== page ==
Energy continues to be a sector that’s home to stocks living up to the name, while others continue to languish.
Year-to-date, Devon has advanced 64.20%, boosted more recently by a small uptrend in August, just as the broader market was declining. The stock is up 18.67% in the past month. Shares closed at $71.20 Monday, up $2.69 or 3.93%.
Meanwhile, the S&P 500 is down 14.79% year-to-date, although it rallied 3.66% the week ended September 8, and gapped 1.07% higher Monday.
Devon announced on August 9 that it entered into a definitive purchase agreement to acquire Validus Energy, which operated in the Eagle Ford Shale in Texas, in a cash transaction valued at $1.8 billion. It’s expected to close at the end of the third quarter.
Since Devon reported earnings on July 29, four analysts boosted their price targets on the stock, according to MarketBeat analyst ratings. Wall Street’s consensus rating on the stock is a “moderate buy” with a price target of $75.53, an upside of 6.08%.
The company has been on a tear, growing both sales and earnings at double- and triple-digit rates in each of the past four quarters. It has a stellar return on equity, at 39%.
Devon’s chart is revealing a classic cup-with-handle pattern, with a buy point above $75.27. It’s a toss-up whether those patterns actually work at any given time. However, it makes intuitive sense that institutional investors would snap up shares after a short selloff, giving them an opportunity to add to a position at a lower valuation.
Energy Sector Still Powering Up
The energy sector remains the big winner of 2022. The Energy Select Sector SPDR ETF (NYSEARCA:XLE) has returned 48.12% this year. The only other sector with a 2022 gain is utilities, which is up 8.10%.
The best performer within the large-cap energy sector is Occidental Petroleum (NYSE: OXY), which checks in with a gain of 126.32% this year. Like Devon, large-cap Occidental has been notching a string of solid earnings and revenue increases in recent quarters.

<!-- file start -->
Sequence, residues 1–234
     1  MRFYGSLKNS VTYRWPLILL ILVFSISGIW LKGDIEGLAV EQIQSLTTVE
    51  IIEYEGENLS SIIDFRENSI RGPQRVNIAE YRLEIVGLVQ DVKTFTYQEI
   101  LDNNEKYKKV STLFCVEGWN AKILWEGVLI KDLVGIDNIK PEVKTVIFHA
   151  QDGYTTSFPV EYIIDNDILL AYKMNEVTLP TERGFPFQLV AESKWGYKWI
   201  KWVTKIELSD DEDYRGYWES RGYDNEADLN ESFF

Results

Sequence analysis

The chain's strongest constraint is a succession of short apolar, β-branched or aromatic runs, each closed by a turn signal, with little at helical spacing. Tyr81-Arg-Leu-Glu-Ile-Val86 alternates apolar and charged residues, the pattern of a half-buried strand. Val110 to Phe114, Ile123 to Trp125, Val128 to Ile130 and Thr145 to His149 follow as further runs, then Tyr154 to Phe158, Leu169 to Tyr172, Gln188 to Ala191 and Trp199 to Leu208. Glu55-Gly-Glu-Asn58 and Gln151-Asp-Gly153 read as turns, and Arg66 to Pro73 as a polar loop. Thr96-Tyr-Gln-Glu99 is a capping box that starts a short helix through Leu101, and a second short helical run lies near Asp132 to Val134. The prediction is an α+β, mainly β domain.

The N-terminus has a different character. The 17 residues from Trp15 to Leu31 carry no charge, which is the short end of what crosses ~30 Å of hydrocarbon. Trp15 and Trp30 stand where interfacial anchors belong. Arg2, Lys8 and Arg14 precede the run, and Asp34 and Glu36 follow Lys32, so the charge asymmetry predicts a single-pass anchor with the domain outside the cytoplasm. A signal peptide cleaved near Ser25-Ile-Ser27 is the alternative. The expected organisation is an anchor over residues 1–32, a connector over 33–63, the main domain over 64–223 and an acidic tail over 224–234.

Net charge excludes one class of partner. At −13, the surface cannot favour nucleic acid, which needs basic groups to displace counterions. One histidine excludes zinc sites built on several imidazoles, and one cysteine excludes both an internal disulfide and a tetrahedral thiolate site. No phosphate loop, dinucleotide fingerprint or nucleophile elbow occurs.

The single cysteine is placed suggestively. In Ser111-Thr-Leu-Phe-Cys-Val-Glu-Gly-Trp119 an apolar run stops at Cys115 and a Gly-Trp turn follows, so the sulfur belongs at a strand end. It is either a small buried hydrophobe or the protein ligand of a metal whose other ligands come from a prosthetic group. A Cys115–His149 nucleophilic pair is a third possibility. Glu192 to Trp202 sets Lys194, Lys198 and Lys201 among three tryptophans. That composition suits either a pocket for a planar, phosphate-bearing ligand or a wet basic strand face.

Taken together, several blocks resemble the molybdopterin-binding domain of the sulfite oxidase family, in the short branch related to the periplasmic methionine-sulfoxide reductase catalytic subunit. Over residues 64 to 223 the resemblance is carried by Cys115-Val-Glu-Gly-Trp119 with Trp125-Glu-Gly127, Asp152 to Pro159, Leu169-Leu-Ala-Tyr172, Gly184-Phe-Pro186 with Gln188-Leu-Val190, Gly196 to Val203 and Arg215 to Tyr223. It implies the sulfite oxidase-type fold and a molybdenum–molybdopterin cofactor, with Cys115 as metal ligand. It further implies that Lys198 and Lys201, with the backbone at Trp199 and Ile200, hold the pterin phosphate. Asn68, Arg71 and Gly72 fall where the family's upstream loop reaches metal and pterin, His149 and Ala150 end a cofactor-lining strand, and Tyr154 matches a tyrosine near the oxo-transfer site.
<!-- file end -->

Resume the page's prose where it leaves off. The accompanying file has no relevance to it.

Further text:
Smaller energy companies have also been participating in this year’s rally. For example, an ETF I often use as a proxy for the small-cap energy sector is the Invesco S&P Small Cap Energy ETF (NYSEARCA: PSCE). This ETF, which is based on the S&P SmallCap 600 Capped Energy Index, is up 44.17% this year.
Because the index tracks smaller companies, risks are higher but so is the potential reward. It’s been outperforming the broader market (by a long shot), which is exactly the ETF’s premise, during periods when energy prices are rising.
Watch The Chart Patterns
The largest component in the small-cap energy index, by weighting, is SM Energy (NYSE: SM), a Denver-based natural gas explorer and producer with a market cap of $5.669 billion. Although a small cap is traditionally a company with a market capitalization below $2 billion, it’s too hard for indexes to reconstitute when a company grows to the level where it’s technically a mid-cap, as SM is.
SM has returned 57.84% year-to-date. In Monday’s session, the stock cleared a cup-with-handle pattern, although it retreated to finish below the breakout price, but still with a gain on the session.
Interestingly, the broader large-cap S&P is following a trajectory similar to the numerous cup-and-handle patterns we’re seeing in energy stocks, but with less upside momentum in recent weeks. A weekly chart for the S&P 500 indicates that a handle could possibly form soon, if we see a downturn of five days or more.
Denbury (NYSE: DEN) is forming a cup-shaped pattern below its August 23 high of $93.95. The stock corrected after rallying on rumors of a sale, but there’s been no news on that front in recent weeks. Even without being an acquisition target, the Plano, Texas-based explorer and developer is showing strength relative to the broader market, and analysts expect strong earnings in the next two years.
It’s always a good idea to focus on stocks outperforming the broader market, but use caution: Don’t chase stocks well beyond their breakouts, but use MarketBeat data tools to find fundamentally strong stocks that are in the early stages of price upticks.